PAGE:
My mother sent me away to train when I was ten years old to Kiev Ballet School, but I had to leave soon because of my dad’s new assignment in the army and we moved to East-Germany. When the Soviet Union collapsed, we returned home and I went back to school. I was 13 or 14 years old when realised that I wanted to a ballerina. My mother dreamt of becoming a ballerina, but couldn’t, and all her life she regretted it. It took me years to get used to ballet.
"My child's body was not ready to handle such loads, and the legs that were used to walk upright had to be twisted and the back always had to be held straight. It was a huge strain and I did not have the strength." I would often find myself crying because of my hectic exam and rehearsal schedule. I used to practice every day and sometimes, even up to 8 hours. I did not miss a single class irrespective of the fact that I was ill or had pain in some part of my body. I wanted to learn everything and miss nothing. It never felt like I was sacrificing anything, not even as a child.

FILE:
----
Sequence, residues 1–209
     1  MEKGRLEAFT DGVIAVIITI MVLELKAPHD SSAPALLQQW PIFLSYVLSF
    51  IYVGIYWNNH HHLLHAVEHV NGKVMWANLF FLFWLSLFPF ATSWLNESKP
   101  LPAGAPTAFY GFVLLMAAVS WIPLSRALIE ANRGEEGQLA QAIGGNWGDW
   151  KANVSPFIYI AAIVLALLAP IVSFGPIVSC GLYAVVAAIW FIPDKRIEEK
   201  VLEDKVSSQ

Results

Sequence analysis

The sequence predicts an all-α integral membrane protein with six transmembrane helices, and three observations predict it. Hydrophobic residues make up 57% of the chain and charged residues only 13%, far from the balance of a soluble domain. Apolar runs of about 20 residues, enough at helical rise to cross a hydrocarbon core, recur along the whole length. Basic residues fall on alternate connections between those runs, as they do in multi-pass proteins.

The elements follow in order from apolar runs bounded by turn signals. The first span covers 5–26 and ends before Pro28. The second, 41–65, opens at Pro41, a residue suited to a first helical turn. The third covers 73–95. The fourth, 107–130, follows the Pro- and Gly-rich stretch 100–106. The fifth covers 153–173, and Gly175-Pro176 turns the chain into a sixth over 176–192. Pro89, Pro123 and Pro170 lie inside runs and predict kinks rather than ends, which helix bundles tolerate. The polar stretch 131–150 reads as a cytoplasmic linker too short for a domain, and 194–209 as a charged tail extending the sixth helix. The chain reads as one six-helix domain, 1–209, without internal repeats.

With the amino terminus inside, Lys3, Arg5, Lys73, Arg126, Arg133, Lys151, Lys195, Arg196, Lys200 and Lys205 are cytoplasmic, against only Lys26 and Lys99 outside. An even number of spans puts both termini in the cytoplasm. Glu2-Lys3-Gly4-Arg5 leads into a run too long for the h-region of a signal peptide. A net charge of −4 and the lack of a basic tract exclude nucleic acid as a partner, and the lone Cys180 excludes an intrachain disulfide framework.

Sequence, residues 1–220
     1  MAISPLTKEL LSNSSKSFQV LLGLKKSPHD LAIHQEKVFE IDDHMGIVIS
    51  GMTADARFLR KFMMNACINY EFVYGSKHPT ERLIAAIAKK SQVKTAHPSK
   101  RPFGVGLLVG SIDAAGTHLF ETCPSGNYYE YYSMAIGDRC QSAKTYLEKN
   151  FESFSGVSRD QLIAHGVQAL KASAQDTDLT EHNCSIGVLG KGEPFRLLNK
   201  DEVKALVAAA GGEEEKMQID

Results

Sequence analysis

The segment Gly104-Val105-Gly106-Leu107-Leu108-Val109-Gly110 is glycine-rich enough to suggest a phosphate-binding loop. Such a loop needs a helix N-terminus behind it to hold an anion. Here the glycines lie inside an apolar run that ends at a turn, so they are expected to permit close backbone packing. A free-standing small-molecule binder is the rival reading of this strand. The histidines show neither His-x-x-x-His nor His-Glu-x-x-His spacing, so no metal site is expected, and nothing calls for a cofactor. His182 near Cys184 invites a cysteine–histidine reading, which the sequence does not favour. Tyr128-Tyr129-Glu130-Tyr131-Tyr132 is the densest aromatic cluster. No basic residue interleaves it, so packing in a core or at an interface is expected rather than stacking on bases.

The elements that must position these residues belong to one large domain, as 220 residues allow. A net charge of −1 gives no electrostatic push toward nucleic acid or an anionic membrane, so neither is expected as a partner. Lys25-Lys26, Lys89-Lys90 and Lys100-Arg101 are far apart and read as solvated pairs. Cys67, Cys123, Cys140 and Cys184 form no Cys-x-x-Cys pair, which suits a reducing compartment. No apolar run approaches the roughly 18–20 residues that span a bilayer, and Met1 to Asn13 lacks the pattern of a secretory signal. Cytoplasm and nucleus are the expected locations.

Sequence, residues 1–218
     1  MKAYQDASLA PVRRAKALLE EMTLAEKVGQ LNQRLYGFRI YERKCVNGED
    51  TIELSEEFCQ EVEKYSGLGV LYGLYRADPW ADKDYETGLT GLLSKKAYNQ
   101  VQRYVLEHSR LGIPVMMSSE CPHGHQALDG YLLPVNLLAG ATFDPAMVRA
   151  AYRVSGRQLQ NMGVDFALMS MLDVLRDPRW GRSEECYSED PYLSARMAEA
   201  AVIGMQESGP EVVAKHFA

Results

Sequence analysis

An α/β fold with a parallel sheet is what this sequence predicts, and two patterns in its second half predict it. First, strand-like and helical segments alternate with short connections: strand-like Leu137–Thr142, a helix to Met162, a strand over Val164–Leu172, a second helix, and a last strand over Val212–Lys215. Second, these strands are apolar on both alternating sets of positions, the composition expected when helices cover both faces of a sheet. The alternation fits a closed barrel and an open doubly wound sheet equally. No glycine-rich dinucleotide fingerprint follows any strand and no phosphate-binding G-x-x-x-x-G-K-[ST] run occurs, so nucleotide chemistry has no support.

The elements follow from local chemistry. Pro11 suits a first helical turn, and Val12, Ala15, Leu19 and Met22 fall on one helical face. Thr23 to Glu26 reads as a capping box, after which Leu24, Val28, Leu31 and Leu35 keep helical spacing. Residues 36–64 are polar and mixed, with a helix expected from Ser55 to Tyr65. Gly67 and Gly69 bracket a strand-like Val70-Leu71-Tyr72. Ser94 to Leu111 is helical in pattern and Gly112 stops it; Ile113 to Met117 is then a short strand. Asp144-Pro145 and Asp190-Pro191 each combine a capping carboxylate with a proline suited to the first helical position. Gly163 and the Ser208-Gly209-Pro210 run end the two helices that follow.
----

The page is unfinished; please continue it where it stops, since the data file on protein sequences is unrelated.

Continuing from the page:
Before the performance, I try not to talk to anyone so that I can contain my emotions. “When I’m waiting to perform, I cannot describe my feelings; I feel courage on one hand and wild nervousness on the other.”When I’m rehearsing, I feel like a pupil and not a ballerina, but for some reason when I get out on stage I feel completely opposite. This transformation is quite unique. Something from within takes place and you understand sometimes that human abilities are limitless.
I graduated from Varganova Academy in 1996, when I was 17, and immediately joined the Mariinsky in Russia. I worked there for 7 years until one day I realised that I wasn’t developing anymore, it all felt the same to me and that’s when I decided to take charge and change things. I moved on to the Bolshoi ballet company and haven’t looked back since.